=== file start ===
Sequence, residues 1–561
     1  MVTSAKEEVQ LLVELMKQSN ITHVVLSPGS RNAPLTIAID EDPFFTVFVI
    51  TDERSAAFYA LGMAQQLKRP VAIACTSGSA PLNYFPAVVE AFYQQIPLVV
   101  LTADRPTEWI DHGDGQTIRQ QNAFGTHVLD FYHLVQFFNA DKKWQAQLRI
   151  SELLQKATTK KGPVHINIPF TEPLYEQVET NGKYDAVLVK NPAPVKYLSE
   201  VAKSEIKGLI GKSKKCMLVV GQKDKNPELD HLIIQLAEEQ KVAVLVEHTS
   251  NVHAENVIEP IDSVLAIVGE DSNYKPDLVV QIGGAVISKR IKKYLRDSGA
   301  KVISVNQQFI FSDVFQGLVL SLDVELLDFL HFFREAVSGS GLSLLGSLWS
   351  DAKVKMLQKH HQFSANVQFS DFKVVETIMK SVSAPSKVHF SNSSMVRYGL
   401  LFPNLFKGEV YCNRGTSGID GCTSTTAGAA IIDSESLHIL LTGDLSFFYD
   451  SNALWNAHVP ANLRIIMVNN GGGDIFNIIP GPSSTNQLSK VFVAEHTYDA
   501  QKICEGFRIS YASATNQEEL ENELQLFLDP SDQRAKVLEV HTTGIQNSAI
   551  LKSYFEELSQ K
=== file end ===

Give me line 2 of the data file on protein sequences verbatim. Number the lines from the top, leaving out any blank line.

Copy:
     1  MVTSAKEEVQ LLVELMKQSN ITHVVLSPGS RNAPLTIAID EDPFFTVFVI